When creating a custom t-shirt, it's important to choose the right garment. But with all the variations and descriptions, choosing a blank for your design can be tough. We put together 25 terms to help you on your journey toward the perfect tee.
Cotton, a natural fiber that comes from the cotton plant, is a staple of the quintessential t-shirt. It’s breathable, durable and, with many different treatments available, it’s a versatile fabric used to create apparel at every price point. Think of the 100% standard cotton tee as your baseline. It’s structured, stiffer, and inexpensive enough to be used for giveaways or events.
By spinning the cotton, this pretreatment strengthens, lengthens and breaks down fibers, creating a softer and more durable fabric. This produces the higher end t-shirts you’ll often see in retail settings. Because of this treatment, ringspun cotton t-shirts are more expensive than a standard cotton tee.
This additional pretreatment goes a step further and removes any impurities from the cotton before it’s woven into thread, creating an even higher quality, softer fabric soft with a great drape. As a general rule, combed cotton apparel is more expensive. When combined with water-based ink, it will give you a worn-in, vintage feel that the wearer will love.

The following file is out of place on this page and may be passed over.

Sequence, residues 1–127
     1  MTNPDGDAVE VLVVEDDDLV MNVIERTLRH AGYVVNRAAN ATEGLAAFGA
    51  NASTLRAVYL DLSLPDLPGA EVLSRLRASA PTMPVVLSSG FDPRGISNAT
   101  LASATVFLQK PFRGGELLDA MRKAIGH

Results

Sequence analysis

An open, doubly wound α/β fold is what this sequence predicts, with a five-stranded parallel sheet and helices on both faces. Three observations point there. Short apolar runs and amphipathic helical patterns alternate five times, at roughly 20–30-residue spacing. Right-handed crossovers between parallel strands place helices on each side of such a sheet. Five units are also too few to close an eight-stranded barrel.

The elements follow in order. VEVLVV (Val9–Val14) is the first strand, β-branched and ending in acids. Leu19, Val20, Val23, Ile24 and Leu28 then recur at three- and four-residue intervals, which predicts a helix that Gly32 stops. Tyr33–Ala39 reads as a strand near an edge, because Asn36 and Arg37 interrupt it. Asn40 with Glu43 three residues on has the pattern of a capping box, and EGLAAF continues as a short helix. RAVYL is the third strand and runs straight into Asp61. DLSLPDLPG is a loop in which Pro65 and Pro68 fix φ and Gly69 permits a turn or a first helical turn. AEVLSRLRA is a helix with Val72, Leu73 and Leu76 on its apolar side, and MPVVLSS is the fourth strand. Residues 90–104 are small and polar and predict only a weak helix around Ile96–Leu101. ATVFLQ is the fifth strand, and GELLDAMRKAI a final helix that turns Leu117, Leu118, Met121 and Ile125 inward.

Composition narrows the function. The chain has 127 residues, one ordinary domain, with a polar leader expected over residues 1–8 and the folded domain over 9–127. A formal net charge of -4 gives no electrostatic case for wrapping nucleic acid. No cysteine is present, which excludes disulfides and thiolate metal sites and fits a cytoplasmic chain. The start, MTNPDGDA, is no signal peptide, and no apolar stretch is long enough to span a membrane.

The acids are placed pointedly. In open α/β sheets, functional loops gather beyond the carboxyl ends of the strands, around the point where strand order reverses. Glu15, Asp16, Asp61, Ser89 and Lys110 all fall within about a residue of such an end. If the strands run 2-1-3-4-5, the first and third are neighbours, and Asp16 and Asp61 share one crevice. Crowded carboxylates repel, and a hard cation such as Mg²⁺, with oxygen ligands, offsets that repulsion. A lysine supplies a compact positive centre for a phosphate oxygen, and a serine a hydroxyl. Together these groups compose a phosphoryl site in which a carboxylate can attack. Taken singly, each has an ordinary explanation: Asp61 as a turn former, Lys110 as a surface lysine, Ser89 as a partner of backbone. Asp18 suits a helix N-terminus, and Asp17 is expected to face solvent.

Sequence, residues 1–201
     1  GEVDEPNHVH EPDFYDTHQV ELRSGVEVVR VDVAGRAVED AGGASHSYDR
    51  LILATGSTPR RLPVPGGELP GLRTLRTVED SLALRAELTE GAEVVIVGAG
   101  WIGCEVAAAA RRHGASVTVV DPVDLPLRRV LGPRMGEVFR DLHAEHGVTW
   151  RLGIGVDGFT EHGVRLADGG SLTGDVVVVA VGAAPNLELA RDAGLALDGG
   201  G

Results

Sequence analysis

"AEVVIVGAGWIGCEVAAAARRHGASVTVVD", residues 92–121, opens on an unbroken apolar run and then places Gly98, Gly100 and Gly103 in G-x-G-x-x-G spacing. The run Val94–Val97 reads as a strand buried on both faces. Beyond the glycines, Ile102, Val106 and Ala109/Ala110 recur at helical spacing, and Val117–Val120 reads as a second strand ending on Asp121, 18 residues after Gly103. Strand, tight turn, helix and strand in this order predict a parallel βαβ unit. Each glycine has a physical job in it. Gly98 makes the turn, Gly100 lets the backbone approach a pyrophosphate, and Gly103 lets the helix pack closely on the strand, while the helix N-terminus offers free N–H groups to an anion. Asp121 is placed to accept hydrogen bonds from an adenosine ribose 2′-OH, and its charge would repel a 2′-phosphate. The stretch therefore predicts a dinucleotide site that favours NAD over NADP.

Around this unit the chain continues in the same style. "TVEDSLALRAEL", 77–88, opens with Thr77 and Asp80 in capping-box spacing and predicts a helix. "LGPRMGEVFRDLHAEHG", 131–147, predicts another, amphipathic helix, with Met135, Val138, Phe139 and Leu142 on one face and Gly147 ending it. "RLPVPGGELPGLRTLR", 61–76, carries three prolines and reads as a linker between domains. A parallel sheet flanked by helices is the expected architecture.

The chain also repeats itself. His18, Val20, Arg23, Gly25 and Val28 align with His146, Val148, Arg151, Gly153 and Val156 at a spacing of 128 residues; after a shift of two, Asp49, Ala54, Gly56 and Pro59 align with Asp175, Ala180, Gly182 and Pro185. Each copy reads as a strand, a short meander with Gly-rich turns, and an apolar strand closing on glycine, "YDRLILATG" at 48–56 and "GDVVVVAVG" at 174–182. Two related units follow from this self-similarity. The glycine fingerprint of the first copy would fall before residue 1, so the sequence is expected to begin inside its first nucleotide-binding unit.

As a synthetic fabric, polyester is a standard choice for workout apparel. Though it’s less breathable than cotton, it’s lightweight, dries quickly, and will never feel “sticky”. And because it’s a more durable option, it can also withstand many washings without breaking down or shrinking - a definite must for athletic apparel. While we’re talking about sweating, poly apparel can be decorated with a special ink all it’s own: ViewSport, an “invisible” ink that’s activated with moisture. If you’re looking for something a bit more standard, plastisol is the tried and true ink choice for poly garments, though water-based will work as well.
Also known as viscose, this fabric is partially man-made. It’s main component is wood pulp but it’s so heavily processed, it’s essentially synthetic. It has a silky feel, a wonderful drape and a very reasonable price point. But 100% rayon is a bit of a pain: it requires dry cleaning or it won’t wear well overtime. A fabric blended with rayon is a perfect way to enjoy all of its benefits without compromising durability or washability.